Peru's Indigenous turn to ancestral remedies to fight virus
Family members look in the coffin that contains the remains of Manuela Chavez who died from symptoms related to the new coronavirus at the age of 88, during a burial service in the Shipibo Indigenous community of Pucallpa, in Peru’s Ucayali region, Monday, Aug. 31, 2020. The Shipibo have tried to prevent COVID-19’s entrance by blocking off roads and isolating themselves. (AP Photo/Rodrigo Abd)

As COVID-19 spread quickly through Peru’s Amazon, the Indigenous Shipibo community decided to turn to the wisdom of their ancestors.

Hospitals were far away, short on doctors and running out of beds. Even if they could get in, many of the ill were too fearful to go, convinced that stepping foot in a hospital would only lead to death.

So Mery Fasabi gathered herbs, steeped them in boiling water and instructed her loved ones to breathe in the vapors. She also made syrups of onion and ginger to help clear congested airways.

“We had knowledge about these plants, but we didn’t know if they’d really help treat COVID,” the teacher said. “With the pandemic we are discovering new things.”

The pandemic’s ruthless march through Peru—the country with the world’s highest per-population confirmed COVID-19 mortality rate—has compelled many Indigenous groups to find their own remedies. Decades of under-investment in , combined with skepticism of modern medicine, mean many are not getting standard treatments like oxygen therapy to treat severe virus cases.

In the Ucayali region, government rapid response teams deployed to a handful of Indigenous communities have found infection rates as high as 80% through antibody testing. Food and medicine donations have reached only a fraction of the population. Many say the only state presence they have seen is from a group responsible for collecting bodies of the dead.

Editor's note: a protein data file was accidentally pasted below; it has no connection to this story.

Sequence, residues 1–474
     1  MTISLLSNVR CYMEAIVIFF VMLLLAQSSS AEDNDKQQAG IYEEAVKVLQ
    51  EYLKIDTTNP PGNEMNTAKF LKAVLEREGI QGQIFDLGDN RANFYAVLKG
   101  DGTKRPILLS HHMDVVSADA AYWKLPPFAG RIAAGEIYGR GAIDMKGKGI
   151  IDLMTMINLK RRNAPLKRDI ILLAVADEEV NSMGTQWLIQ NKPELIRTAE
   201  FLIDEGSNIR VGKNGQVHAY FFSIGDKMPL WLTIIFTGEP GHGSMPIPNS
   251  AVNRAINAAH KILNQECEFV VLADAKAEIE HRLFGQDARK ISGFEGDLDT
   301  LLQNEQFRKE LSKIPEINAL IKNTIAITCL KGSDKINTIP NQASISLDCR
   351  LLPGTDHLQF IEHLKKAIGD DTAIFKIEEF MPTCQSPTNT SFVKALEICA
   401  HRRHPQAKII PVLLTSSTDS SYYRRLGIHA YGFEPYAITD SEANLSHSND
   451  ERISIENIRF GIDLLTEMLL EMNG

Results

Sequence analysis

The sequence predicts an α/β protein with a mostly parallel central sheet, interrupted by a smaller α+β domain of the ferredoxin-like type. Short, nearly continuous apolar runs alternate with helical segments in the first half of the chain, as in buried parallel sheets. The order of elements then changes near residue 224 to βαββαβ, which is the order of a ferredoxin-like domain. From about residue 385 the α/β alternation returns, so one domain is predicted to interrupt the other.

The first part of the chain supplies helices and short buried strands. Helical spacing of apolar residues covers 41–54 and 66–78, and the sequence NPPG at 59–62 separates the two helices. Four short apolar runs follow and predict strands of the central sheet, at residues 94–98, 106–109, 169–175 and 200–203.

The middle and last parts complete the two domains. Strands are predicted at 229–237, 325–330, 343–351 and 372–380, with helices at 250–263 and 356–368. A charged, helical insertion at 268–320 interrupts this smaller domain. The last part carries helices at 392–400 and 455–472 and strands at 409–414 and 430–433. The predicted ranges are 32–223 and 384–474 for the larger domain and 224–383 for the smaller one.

Peru's Indigenous turn to ancestral remedies to fight virus
Gravedigger Rider Sol Sol pushes a wheelbarrow filled with dirt in the cemetery created to bury people who have died from the new coronavirus, along a remote road known as “Kilometer 20,” on the outskirts of the Shipibo Indigenous community of Pucallpa, in Peru’s Ucayali region, Tuesday, Sept. 1, 2020. These days, with the death count lower, the 48-year-old gravedigger is the only man working most days. “I give thanks to God that I have a job,” he said. (AP Photo/Rodrigo Abd)

At a spot known as “Kilometer 20” near the city of Pucallpa, a new cemetery has sprung to life with the remains of about 400 people.

“We’ve always been forgotten,” said Roberto Wikleff, 49, a Shipibo man who turned to Fasabi’s treatments to help treat his COVID-19. “We don’t exist for them.”

Peru is home to one of Latin America’s largest Indigenous populations, whose ancestors lived in the Andean country before the arrival of Spanish colonists. Entire tribes were wiped out by infectious diseases introduced by the Europeans. Today many live and work in , but others reside in remote parts of the Amazon that have few doctors, let alone the capacity to do complex molecular testing or treatment for the virus.

Wikleff said the 10 doctors, nurses and aides who usually staff a nearby clinic abandoned their posts when the coronavirus arrived. The Shipibo had tried to prevent COVID-19’s entrance by blocking roads and isolating themselves. But in May, he and others nonetheless came down with fevers, coughs, difficulty breathing and headaches.

Peru's Indigenous turn to ancestral remedies to fight virus
Passengers arrive in a public taxi boat to the Shipibo Indigenous community of Pucallpa, located along the Ucayali River in the Amazonian rainforest of eastern Peru, Thursday, Sept. 3, 2020, amid the new coronavirus pandemic. Transportation is one of the biggest hurdles in treating indigenous groups, some of which can only be reached by helicopter or an eight-hour boat ride. (AP Photo/Rodrigo Abd)

A month later, he was still feeling ill and turned to Fasabi, who along with 15 other volunteers had set up a makeshift treatment center.

“I was taken there in agony,” he recalled.